A CHARITY has been given planning permission to turn a Hampshire B&B into a home for "vulnerable" adults with mental health problems.

An application by Hammersley Homes to convert Little Hayes at Romsey Road, Lyndhurst, sparked 60 letters of objection from 46 households in the area.

But the proposal was approved at a meeting of the New Forest National Park Authority (NPA).

Louise Hallett, the charity's founder, said the scheme would provide "safety, security and friendship" for five people who struggled to cope with everyday tasks.

She said the residents would be carefully selected, with round-the-clock support provided by trained staff.

Daily Echo: Plans to turn the Little Hayes B&B into a home for adults with mental health problems have been approved.Plans to turn the Little Hayes B&B into a home for adults with mental health problems have been approved.

Objectors included the leader of New Forest District Council, Cllr Edward Heron.

In a letter to the NPA Cllr Heron said tourism facilities were vital to the local economy, adding: "Insufficient evidence has been provided to demonstrate that the property's current use is unviable."

One of the other objectors, Lyndhurst resident Gill Jones, claimed the scheme would produce an increase in noise, traffic and general disruption.

But NPA member David Harrison said: "Mental illness is very common. Facilities like this are to be welcomed. They rarely cause any problems."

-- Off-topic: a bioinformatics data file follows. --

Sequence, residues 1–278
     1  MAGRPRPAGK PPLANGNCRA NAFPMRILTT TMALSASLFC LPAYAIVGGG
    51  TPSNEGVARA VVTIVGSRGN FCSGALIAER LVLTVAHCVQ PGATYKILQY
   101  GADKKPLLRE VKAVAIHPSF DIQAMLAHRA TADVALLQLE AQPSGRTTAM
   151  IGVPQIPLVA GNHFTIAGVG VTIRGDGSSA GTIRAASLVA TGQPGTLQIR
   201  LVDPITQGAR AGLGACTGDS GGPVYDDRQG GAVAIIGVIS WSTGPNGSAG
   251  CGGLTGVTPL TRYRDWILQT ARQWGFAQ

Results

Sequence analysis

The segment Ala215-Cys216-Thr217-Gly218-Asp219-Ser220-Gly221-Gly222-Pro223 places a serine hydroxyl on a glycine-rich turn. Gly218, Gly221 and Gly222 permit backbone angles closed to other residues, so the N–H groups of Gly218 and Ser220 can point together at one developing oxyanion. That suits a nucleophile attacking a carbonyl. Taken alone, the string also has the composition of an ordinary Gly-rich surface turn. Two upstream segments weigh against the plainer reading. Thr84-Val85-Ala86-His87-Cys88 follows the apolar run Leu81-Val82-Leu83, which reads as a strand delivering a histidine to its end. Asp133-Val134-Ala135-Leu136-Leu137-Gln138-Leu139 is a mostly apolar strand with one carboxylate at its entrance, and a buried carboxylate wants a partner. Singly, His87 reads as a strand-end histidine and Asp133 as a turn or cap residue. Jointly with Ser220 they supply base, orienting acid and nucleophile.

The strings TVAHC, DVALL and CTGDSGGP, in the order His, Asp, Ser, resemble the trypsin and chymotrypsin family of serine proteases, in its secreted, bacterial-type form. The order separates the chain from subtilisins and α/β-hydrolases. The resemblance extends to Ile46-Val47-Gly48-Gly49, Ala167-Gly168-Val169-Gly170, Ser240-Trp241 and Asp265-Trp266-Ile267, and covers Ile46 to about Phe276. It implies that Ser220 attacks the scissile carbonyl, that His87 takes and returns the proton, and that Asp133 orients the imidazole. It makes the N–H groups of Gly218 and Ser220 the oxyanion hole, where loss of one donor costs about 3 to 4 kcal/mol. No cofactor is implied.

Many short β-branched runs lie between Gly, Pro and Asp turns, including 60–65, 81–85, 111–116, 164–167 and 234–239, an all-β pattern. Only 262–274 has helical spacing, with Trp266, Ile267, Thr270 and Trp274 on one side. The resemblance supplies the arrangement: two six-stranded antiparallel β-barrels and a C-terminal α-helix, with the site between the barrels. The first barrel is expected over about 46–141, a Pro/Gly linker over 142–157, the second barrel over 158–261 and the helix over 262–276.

Ann Sevier added: "The New Forest is not just somewhere for people to come and have holidays."

Daily Echo: Little Hayes in Romsey Road, Lyndhurst.Little Hayes in Romsey Road, Lyndhurst.

A report to the committee said the five-bedroom guest house was "not currently operational".

It added: "Whilst the initial closure may be directly attributed to Covid restrictions, the trend during the last two years has been towards Airbnb accommodation rather than shared facilities.

"There are, for example, around 170 Airbnb units in Lyndhurst.

"In these circumstances, and given the small scale of the guest house, it is not considered that it would be possible to sustain an objection to the change of use.

"There is a significant level of objection to the proposal from local residents for a variety of reasons.

"It is not considered the proposed use would result in a greater level of traffic than the guest house. The residents are unlikely to have cars and the proposal would therefore result in a decrease in traffic movements."

The application was approved by seven votes to two.

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